Conclusion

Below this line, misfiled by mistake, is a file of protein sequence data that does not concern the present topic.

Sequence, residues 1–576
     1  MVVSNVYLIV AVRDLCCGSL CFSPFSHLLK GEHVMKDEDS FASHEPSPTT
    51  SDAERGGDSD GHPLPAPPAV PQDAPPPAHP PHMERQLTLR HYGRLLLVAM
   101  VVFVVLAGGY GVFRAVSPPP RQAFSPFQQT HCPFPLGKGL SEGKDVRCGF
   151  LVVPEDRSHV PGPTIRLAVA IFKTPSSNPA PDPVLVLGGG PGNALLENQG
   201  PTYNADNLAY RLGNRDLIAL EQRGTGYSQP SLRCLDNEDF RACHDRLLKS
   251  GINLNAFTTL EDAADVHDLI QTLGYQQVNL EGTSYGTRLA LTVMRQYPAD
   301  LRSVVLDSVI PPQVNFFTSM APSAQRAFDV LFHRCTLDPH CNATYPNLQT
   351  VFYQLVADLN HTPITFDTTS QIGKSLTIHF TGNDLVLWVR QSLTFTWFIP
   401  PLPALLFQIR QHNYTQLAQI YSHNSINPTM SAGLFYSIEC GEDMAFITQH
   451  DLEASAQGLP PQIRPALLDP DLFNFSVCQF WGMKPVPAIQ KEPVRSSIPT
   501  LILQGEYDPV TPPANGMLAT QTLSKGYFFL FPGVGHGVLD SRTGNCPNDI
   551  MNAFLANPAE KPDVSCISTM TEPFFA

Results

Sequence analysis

The seriously ill patient presents many challenges and being able to assess the signs of an impending cardiac arrest demands great skill. However, if preventive measures fail and the patient suffers a cardiac arrest, basic life support must be instituted as quickly as possible, followed by advanced life support. When it is established that the cause for collapse is not cardiac, but originating elsewhere, the additional underlying causes of the arrest must then be considered and addressed. Systematic analysis of the reversible causes of a cardiac arrest will enable rescuers to recognise the precipitating factors, intervene appropriately and influence survival outcomes.

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